Tim Campbell MBE won The Apprentice back in 2005, and has come full circle to work alongside Lord Alan Sugar to judge...
- Help plan, design and build IT systems for clients
- You'll need programming, problem-solving, planning, and negotiation skills
- You could progress to become a senior technical architect, or specialise in an area like finance or security
Technical architects work on IT systems rather than buildings. They work closely with project managers, software developers, and designers to build computer systems for websites, data storage, or other IT projects. For example these might be projects like designing the structure of a new health patient record system, or integrating several client websites into one.
You'll work to ensure that the IT system works together with the other parts as planned, satisfies the requirements of the client, and meets the needs of users.
- Finding out about the client's needs
- Breaking down large system requirements into manageable parts
- Researching 'off-the-shelf' products to see whether they'll be more suitable than building a new system
- Presenting plans to clients and agreeing how to carry them out
- Explaining the structure to designers and developers
- Helping them build it
- Developing and carrying out tests to make sure everything works properly
- Making sure systems meet quality and security standards
- Keeping accurate records of steps and decisions taken
- Keeping project managers informed of progress
- Advising senior managers about how to plan their future IT needs
You'll normally be mainly office-based, but you may sometimes travel to meet clients which could include overnight stays away from home.
To become a technical architect you'll need to gain experience in systems development, analysis, computer programming or testing, and you'll need programming skills, problem-solving skills, planning and negotiation skills, the ability to explain ideas clearly, and the ability to work effectively under pressure and to deadlines.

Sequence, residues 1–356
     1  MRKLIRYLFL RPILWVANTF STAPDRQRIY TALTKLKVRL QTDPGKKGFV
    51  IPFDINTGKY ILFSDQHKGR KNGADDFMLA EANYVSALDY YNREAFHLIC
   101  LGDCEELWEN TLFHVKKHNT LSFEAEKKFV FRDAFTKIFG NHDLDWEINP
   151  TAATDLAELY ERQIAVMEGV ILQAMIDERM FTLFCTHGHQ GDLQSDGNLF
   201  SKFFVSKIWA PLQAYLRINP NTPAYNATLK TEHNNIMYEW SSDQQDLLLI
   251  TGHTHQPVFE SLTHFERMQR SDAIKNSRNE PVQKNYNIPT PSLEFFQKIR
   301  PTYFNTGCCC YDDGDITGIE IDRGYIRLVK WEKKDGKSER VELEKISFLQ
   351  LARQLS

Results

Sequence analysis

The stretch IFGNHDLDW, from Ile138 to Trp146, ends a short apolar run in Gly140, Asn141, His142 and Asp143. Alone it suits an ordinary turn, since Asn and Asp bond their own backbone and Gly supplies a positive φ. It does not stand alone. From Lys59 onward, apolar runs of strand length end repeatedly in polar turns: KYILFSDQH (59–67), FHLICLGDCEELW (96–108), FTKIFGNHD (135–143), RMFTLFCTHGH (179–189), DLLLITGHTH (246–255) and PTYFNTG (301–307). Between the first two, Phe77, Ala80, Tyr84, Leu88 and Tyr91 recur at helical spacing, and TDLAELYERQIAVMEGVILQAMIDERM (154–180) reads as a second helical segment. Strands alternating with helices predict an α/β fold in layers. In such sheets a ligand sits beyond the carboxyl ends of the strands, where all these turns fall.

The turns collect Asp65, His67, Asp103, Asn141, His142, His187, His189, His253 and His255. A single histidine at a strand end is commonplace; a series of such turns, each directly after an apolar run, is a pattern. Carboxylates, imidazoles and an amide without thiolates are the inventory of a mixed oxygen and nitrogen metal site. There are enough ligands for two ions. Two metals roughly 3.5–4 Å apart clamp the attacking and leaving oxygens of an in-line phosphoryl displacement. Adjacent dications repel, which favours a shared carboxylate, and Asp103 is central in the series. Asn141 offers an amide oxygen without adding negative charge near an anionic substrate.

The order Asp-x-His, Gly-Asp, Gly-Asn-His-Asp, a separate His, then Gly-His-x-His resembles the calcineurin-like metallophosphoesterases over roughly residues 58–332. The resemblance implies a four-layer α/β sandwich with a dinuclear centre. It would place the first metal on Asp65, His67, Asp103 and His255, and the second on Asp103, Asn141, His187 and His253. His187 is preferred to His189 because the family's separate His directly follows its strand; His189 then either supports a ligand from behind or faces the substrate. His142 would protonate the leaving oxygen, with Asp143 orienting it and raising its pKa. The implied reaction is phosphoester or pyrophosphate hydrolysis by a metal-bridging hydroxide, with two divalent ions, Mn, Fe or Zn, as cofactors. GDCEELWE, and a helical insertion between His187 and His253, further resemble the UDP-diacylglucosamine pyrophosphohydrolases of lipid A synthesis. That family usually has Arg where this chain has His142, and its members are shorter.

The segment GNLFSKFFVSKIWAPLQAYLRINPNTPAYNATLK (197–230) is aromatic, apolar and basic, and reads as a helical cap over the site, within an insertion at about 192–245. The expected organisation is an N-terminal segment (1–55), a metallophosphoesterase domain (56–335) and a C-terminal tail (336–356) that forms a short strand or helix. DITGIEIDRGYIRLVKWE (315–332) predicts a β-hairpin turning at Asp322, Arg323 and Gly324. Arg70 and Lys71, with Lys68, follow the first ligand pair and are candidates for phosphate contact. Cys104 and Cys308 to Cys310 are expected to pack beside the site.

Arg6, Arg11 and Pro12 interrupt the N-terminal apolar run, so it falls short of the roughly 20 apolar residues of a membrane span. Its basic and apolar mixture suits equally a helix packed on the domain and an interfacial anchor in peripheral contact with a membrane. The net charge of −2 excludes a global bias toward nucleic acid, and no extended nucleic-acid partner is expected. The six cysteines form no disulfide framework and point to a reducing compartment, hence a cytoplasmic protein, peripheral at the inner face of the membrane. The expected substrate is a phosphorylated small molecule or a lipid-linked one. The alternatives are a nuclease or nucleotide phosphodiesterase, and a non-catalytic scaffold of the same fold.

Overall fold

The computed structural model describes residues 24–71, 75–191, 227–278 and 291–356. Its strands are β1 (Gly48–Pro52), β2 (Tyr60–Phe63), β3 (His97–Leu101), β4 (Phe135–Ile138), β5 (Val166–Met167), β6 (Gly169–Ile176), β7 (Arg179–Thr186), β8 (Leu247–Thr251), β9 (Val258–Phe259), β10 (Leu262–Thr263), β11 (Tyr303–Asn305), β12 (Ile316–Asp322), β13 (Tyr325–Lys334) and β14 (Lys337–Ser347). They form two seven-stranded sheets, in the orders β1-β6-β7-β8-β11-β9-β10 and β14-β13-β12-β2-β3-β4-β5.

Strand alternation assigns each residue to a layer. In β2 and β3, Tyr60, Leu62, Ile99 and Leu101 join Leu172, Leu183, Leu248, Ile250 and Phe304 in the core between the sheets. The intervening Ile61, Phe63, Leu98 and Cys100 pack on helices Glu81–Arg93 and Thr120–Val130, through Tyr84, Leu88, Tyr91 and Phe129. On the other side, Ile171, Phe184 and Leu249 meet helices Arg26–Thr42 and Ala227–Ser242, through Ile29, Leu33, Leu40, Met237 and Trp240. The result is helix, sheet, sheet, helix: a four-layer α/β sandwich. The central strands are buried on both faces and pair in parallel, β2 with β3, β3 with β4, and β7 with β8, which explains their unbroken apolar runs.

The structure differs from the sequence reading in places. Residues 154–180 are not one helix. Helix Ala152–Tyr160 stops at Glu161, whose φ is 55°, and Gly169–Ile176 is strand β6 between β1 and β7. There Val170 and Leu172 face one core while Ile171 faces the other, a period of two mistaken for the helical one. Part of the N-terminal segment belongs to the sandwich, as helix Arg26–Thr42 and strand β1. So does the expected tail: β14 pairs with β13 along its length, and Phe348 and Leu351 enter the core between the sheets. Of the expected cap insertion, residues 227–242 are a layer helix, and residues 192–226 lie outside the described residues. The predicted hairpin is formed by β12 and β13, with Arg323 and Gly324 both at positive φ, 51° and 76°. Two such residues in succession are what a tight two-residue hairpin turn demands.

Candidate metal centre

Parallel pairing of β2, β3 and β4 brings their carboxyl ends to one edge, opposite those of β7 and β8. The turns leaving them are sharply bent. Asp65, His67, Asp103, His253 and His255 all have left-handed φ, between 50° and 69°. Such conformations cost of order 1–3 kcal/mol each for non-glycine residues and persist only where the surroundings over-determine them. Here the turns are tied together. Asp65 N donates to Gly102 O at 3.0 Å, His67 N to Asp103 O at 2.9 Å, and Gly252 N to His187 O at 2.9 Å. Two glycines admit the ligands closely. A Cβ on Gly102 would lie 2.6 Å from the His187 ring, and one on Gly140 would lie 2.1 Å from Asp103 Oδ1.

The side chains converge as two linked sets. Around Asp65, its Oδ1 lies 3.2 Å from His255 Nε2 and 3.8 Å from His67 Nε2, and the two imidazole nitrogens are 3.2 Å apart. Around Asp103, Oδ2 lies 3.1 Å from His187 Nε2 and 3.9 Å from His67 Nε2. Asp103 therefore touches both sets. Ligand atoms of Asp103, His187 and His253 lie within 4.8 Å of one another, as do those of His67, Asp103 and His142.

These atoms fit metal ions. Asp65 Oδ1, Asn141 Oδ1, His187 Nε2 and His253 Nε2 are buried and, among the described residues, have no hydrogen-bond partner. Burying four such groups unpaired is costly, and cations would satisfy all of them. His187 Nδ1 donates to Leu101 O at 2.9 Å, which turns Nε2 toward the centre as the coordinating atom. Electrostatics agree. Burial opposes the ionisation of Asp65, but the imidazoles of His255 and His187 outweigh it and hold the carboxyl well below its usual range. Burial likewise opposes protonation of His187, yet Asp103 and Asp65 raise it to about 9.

Some technical architects will start by doing a degree or postgraduate qualification in a relevant area like business information systems, computer science or computer engineering, information management systems, mathematics, or software development.
However, you could also get into this job through a degree apprenticeship, training as a digital and technology solutions professional. You could then move on to a digital and technology solution specialist degree apprenticeship, which is at postgraduate level.
Or, you could start with a company in a job like programming and work your way up through internal training and promotion.
You could apply to companies directly if you've got relevant skills and knowledge - you'll need a broad understanding of the available technologies, so a background in systems development, analysis, programming or testing might be useful.
You'll need to gain knowledge and experience of relevant programming languages, frameworks and processes - you could gain some of this knowledge by completing online courses.
Experience of project management methods like PRINCE2, Agile and ITIL will also be helpful.
You might specialise in part of a system's framework, like security. Or you might be responsible for the entire process, supervising the development team until the project's completed.
With experience, you could progress to senior architect, or specialise in a particular field, like finance or security. You could also move into broader IT project management roles, strategy planning or consultancy.